European initiatives in the region also include the European Union Capacity Building Mission in Mali and European Union Capacity Building Mission in Niger, which together have deployed several hundred civilian experts to support and train police forces and national guards in those two countries. It was also projected that between 2014 and 2020, the EU and its member states would spend at least €8 billion on development aid in the Sahel, this is in addition to the costs of the various military missions and direct bilateral security support. Finally, the EU and especially France are actively pushing for the implementation of the Algiers agreement, a treaty signed in 2015 by the Malian government and Mali’s main secular rebel groups that was meant to bring peace to the country’s north.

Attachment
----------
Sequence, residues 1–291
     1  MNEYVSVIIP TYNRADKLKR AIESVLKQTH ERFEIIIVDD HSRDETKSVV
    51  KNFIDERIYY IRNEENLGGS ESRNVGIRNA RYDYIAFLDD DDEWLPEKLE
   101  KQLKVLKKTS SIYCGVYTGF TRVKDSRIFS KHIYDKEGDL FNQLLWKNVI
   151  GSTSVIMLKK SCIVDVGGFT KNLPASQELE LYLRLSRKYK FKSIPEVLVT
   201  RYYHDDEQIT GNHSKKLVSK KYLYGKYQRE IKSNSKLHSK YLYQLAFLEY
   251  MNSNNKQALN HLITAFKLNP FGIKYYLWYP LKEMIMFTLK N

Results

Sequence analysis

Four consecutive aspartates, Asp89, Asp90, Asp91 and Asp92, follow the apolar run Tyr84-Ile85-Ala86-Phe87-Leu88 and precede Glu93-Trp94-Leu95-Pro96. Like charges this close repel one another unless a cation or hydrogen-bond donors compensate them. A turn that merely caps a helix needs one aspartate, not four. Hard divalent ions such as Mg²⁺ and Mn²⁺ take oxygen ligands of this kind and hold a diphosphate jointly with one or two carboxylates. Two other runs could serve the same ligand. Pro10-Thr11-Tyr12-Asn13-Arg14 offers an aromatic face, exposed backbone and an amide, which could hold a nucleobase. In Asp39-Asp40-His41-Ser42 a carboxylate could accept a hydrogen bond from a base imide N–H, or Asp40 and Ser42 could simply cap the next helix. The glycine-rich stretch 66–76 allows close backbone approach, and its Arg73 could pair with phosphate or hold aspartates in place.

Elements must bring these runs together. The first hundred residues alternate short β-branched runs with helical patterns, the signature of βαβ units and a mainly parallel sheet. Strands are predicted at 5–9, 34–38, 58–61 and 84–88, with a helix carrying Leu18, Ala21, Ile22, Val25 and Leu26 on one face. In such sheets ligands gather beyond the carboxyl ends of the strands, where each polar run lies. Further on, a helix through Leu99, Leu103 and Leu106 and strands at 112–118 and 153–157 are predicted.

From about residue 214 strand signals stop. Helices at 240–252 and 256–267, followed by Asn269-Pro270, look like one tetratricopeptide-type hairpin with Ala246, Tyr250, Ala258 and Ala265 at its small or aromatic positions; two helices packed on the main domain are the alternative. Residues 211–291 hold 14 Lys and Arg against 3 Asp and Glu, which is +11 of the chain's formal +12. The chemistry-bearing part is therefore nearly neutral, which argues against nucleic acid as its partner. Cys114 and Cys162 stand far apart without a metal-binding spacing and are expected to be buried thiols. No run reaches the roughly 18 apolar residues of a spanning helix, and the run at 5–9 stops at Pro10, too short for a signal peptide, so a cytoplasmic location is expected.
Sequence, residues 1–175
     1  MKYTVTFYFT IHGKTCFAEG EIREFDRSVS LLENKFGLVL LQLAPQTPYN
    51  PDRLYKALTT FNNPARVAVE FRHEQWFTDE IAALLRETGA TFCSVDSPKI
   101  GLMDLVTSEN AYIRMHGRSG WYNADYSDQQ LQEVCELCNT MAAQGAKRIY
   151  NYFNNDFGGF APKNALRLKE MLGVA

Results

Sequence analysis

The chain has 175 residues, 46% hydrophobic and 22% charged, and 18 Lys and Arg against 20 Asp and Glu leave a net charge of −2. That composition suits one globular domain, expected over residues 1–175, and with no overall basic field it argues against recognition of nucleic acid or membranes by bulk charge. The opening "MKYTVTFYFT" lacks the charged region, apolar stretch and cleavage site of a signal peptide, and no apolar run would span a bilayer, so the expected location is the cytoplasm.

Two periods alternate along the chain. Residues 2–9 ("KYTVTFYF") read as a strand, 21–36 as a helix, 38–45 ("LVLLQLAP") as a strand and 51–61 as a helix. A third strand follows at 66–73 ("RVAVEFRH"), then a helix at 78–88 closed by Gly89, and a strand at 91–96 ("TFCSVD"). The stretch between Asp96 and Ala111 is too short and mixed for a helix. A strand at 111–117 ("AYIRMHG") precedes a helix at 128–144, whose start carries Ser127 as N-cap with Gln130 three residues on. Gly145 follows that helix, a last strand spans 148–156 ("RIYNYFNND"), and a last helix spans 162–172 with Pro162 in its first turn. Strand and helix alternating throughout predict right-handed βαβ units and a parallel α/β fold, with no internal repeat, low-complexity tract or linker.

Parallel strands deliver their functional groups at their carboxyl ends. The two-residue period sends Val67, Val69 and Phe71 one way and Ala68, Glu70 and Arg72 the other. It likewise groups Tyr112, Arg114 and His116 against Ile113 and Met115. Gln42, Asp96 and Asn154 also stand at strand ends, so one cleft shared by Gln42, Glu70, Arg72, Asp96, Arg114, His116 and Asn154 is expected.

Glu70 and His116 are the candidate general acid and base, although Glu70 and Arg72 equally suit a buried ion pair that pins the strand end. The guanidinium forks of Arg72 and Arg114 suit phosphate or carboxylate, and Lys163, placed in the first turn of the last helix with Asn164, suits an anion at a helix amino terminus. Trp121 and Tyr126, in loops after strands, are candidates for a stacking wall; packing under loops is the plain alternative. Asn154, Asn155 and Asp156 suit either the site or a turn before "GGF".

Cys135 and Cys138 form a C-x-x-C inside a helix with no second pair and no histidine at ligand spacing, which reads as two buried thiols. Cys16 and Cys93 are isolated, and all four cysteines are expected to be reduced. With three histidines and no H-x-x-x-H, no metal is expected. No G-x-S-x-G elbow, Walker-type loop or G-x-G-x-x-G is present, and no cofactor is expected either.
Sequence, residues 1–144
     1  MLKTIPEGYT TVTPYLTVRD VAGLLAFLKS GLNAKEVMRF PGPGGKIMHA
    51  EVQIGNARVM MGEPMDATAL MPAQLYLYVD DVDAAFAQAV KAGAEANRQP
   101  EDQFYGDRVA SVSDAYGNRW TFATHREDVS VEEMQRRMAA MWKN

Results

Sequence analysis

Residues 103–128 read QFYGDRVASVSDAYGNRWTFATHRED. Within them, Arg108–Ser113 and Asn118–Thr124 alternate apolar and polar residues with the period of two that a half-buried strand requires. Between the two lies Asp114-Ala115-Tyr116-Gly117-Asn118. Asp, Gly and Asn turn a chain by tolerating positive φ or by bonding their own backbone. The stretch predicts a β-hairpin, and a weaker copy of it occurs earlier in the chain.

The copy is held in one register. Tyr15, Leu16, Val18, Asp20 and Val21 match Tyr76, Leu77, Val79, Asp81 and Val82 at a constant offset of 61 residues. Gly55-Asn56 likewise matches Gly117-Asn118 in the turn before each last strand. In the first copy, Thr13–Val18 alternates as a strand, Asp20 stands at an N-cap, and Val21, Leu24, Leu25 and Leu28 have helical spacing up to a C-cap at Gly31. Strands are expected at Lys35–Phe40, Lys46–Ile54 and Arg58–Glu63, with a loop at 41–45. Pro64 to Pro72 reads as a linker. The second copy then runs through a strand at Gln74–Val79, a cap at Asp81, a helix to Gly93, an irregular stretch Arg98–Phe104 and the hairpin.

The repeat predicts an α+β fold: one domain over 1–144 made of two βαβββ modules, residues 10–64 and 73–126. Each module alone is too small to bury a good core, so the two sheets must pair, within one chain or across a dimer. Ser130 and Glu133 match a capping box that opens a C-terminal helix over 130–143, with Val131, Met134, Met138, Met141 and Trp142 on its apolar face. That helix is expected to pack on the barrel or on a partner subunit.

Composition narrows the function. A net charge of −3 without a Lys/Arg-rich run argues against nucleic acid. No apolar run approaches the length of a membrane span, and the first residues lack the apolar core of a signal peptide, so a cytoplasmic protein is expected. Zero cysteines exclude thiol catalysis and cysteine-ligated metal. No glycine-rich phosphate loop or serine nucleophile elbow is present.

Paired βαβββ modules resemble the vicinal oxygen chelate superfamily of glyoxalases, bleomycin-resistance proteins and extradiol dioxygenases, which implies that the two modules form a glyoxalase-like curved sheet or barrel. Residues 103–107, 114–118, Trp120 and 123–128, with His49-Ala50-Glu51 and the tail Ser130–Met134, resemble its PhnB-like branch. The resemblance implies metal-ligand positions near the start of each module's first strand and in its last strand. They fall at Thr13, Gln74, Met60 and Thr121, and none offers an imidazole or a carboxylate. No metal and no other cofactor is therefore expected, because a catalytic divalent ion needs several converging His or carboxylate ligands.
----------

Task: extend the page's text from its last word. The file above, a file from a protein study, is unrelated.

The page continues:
But as it stands, little or no results can be seen from all this and the militants are gaining more ground. These forces are not winning this battle and there is potential for wider destabilisation, and it seems the world at large is short of answers to the Sahel problem. The ability for these jihadists to mobilise local support stems from much deeper, systemic social, political and economic problems in these countries and this has to be effectively tackled for any serious results to happen in this fight against terrorism. However it cannot be left out that the West attempt to topple a government in Libya has spurred terrorism in Europe, Syria, North Africa and sub-Saharan Africa. Some Malian officials have blamed Nato for the crisis in the country after it helped Libyan insurgents topple Colonel Gaddafi.